But look at where we are in this moment with uprisings in Chile and Lebanon, Hong Kong…. We’re in a moment where things can tip very quickly because people have been pushed so far to the edge that almost anything can act as a spark. I mean, we saw it in Puerto Rico with leaked text messages. I’ve seen it in Haiti, in Ecuador with the loss of fuel subsidies. In Chile with a sudden increase in public transit costs. I think the level of corruption is so intense. Inequality is so outrageous that you just never know when that tip is going to happen.

And I think the lesson, and here’s where I think we’re in a better situation, and this is where the Green New Deal comes in, this moment of multiple uprisings, I think, shares a lot in common with 2009 and [20]10 after the financial crisis, when you have the movement of the squares in Europe, you had the Arab Spring and you had Occupy. And suddenly, societies are tipping, everybody’s in the streets, but there isn’t a clear demand of what the alternative to this failed model is. And I think that in the intervening years, so many people who were part of those movements have taken the responsibility of coming up with an alternative vision and an alternative plan really seriously.

And so now when we have one of those tipping moments, I don’t think we are going to make the same mistake of like opening up a vacuum that somebody else can exploit. Like the far right, which is what has happened in too many instances. And so that’s why I think it is so exciting that you have movements that are not just oppositional, but [propositional].

You started with saying natural human instincts were kind of broken by reality, by the condition of lives that we’ve made through our priority-setting at the government level. In a sense, I’m hearing we need to reclaim our gut instincts about things.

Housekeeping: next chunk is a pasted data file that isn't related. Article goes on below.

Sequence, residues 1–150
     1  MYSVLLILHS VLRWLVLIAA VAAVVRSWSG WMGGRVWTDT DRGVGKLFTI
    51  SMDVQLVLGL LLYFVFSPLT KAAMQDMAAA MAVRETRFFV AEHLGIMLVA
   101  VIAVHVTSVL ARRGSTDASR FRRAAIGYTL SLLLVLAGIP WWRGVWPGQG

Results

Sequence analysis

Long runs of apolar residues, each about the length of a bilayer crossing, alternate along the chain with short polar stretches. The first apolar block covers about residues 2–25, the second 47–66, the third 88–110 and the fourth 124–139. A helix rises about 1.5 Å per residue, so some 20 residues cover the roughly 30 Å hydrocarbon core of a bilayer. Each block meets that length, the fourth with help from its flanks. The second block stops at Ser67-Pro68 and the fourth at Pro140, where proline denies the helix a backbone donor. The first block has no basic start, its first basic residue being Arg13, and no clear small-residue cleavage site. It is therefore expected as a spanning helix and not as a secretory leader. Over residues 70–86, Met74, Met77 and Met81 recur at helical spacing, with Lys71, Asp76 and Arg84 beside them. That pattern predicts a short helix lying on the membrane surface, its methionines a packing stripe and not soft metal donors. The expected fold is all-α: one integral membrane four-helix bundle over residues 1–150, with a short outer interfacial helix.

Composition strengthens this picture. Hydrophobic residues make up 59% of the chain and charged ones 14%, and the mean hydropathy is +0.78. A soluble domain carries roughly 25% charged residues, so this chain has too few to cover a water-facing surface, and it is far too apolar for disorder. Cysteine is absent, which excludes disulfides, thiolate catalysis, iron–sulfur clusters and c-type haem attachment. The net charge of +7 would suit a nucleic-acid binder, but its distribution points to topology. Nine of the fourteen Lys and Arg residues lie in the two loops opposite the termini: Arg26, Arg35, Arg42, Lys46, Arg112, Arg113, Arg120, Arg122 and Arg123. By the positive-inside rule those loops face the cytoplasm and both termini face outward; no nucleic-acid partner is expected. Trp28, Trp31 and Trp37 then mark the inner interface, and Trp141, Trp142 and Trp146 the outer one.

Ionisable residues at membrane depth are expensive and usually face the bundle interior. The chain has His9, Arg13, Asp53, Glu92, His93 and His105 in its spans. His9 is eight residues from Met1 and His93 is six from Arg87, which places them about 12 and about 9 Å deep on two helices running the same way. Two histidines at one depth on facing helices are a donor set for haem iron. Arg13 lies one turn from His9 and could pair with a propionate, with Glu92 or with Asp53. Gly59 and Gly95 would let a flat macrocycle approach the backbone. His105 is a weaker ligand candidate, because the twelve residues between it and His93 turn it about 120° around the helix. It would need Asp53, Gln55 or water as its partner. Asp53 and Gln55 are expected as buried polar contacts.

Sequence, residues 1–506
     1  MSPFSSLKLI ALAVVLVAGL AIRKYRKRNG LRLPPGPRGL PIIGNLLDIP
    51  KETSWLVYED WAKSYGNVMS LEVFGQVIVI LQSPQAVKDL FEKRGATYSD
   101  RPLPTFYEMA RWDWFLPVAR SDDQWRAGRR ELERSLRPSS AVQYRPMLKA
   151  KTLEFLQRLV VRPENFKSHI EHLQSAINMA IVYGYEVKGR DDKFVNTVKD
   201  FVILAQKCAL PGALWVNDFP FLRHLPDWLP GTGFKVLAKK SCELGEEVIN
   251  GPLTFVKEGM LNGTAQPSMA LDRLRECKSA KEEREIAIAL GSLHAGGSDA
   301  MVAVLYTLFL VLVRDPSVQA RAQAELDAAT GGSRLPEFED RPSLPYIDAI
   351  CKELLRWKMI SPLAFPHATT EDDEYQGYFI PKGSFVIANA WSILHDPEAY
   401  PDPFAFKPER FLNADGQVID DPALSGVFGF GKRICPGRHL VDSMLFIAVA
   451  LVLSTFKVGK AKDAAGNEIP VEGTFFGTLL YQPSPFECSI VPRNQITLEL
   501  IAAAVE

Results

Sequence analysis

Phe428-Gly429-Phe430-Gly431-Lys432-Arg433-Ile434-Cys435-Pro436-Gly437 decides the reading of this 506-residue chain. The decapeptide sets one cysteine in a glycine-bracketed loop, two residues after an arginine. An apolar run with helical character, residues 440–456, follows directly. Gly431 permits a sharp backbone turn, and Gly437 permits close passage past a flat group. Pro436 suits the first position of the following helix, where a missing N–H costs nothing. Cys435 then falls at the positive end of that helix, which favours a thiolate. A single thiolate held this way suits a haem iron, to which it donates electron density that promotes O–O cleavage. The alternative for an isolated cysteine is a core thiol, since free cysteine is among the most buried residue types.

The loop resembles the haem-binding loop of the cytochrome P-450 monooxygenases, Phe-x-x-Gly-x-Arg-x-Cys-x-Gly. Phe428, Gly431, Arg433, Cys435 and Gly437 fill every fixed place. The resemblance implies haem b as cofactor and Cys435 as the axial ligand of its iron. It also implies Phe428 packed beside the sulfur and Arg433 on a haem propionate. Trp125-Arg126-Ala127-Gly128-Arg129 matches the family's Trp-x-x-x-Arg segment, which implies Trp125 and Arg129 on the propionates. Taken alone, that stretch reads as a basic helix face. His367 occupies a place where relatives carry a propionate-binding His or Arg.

Well, I think what we need to do is figure out what are the policies that light up the best parts of ourselves, because we are complicated…. We are that person that rushes in to the disaster zone with everything we can carry and just wanting to help. And we are that person who just wants to hoard….

Don’t take too much.

… And protect. And different policies light up different parts of ourselves. And when you have a society in which economic precarity and competition are rampant, you light up the hoard and you suppress the share. And there are policies that create a baseline level of security. And this is why it is so important that we are talking about Medicare for All, we are talking about everybody’s right to education at every level. We are talking about the right to a living wage. We are talking about putting in policies that address that core insecurity that allow people to feel like they don’t just have to hoard. Because we’re going to be tested, and we are already being tested. And so, we have to figure out what kind of people are we going to be and what policies will help us be our best selves.  SOURCE

Canada gets poor marks on latest climate report card


A man walks between flooded houses in Constance Bay northwest of Ottawa on April 26, 2019. Photo by Kamara Morozuk

Countries across the world need to make their 2030 emission targets much more ambitious if the world is to stand a chance of keeping global warming to 1.5 degrees Celsius above pre-industrial levels, a major research report says.

And Canada is one of the biggest laggards, far from reaching its own targets which are themselves far from enough to keep warming to that level.

The annual “Brown to Green” report from the Climate Transparency partnership said Canada is far from contributing its fair share toward the 1.5 C goal, with the third most energy-intensive economy in the G20. And that’s despite having one of the cleanest electricity grids.